In other words Sch 12A doesn't automatically trigger an exemption under s.44 but it is still possible that one of the other exemptions may apply and a public authority is obliged to consider the request under those terms.

Anyway, it all went quiet for a bit and I wrote again to check they were still intending to respond and they said that they would do so by 27 October. This date passed, another reminder from me and a promise that yes, a response will now be provided by 1 November. It will not surprise you to hear that I am still waiting so I have sent it off to the Information Commissioner.

In the meantime I received a final response on another case which turned on a similar point and gives a clue as to their thinking. They said -

"Firstly, it is the current position of this Authority that Schedule 12A can provide a prohibition on disclosure and that as a result, section 44 of the Freedom of Information Act 2000 may be engaged as the Schedule 12A prohibition, if remaining relevant, could act as a prohibition under another enactment. Further, and as has been previously stated to you, section 44 of this Act is absolute and no test of public interest is required in order to apply this exemption and withhold the information, although it is accepted that in the case of Schedule 12A applications, the Schedule 12A must be re-assessed to see if it is still relevant, and in making this re-assessment a public interest test has to be applied."

Rather looks to me that they have (deliberately?) misinterpreted the Information Commissioner's ruling. They think that all they have to do is to have another think about the public interest element of their original Sch 12A decision and, if they consider it to apply, s.44 of the FoIA is automatically invoked which provides an absolute exemption. I think that the Information Commissioner is saying that Sch 12A doesn't provide a bar to publication and FoIA refusals must be based around the exemptions specifically set out in that Act.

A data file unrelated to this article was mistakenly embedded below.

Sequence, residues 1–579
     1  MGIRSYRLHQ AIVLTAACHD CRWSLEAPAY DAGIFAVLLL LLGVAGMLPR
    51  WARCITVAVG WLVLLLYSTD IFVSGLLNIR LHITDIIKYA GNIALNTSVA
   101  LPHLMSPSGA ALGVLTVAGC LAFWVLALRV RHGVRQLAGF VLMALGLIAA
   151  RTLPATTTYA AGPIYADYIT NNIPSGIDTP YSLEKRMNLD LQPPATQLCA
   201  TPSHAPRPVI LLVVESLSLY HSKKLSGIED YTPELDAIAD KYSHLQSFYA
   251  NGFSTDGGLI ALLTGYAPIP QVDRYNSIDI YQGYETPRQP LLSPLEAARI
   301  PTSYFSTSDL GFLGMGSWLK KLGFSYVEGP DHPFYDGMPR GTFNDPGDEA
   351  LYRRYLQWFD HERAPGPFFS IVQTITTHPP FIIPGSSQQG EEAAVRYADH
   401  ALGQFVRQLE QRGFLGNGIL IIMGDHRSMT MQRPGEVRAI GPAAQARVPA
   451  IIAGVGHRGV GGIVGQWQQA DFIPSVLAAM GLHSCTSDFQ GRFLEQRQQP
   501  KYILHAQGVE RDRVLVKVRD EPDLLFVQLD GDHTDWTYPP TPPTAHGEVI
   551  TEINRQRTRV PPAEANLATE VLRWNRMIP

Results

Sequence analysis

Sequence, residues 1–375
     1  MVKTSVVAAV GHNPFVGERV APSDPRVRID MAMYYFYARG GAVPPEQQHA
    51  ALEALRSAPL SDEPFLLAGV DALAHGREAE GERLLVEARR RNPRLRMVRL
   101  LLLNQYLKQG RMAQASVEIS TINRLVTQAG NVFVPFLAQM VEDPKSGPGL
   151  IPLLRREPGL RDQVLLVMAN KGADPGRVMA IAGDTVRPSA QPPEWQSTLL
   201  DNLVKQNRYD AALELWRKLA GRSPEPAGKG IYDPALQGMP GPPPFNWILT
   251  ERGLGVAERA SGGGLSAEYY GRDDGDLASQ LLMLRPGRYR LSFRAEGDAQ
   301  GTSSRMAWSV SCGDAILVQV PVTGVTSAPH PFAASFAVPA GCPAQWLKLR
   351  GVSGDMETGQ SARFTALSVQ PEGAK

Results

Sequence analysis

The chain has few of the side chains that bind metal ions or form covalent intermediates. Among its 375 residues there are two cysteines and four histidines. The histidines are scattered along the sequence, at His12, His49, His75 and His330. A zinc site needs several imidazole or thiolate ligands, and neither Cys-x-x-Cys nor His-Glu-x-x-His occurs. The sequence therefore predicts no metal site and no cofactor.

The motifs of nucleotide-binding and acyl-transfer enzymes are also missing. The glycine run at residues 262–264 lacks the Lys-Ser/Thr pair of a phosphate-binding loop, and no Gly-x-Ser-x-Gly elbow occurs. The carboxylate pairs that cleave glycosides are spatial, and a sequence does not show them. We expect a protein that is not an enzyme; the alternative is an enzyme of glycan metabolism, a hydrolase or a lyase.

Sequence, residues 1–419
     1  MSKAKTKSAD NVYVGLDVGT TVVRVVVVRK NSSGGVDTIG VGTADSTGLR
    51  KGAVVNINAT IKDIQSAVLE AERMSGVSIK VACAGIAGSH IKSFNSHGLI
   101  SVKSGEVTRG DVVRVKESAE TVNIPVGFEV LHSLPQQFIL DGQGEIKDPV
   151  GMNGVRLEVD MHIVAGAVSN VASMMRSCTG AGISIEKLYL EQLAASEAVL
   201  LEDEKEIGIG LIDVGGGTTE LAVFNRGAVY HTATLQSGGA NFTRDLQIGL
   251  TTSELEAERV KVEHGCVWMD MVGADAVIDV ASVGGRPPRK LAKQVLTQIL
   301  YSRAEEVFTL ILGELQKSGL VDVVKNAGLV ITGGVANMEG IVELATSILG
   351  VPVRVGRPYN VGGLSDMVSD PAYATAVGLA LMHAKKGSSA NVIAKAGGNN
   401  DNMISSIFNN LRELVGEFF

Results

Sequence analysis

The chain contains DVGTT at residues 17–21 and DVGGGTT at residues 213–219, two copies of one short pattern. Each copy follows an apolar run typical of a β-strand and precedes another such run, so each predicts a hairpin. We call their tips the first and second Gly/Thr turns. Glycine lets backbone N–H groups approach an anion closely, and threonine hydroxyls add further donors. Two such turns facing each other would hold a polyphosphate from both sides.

If you're still with me you're probably wondering what's the difference, you're still not getting the information?

Well, I'm betting that NCC will be arguing that only they have the right to decide whether information is exempt from publication under Sch 12A LGA and that an absolute exemption is triggered under s.44 FoIA, meaning the Information Commissioner has no right to intervene. Ergo, no external scrutiny of how they decide which information they decide to keep secret and no external scrutiny of their idea of a public interest test.

If, on the other hand the alternative interpretation holds the Information Commissioner will have the opportunity to assess whether a current FoIA exemption applies, including considering a public interest test. This holds out the possibility of ending what I suspect is a practice of abusing the provisions in the LGA to hide politically embarrassing information.

The unnecessary delays and initial attempt to persuade me that they didn't even have to carry out an internal review suggests a desperation to keep the matter out of the hands of the Information Commissioner. This may give an indication of their optimism that their argument will sway the day.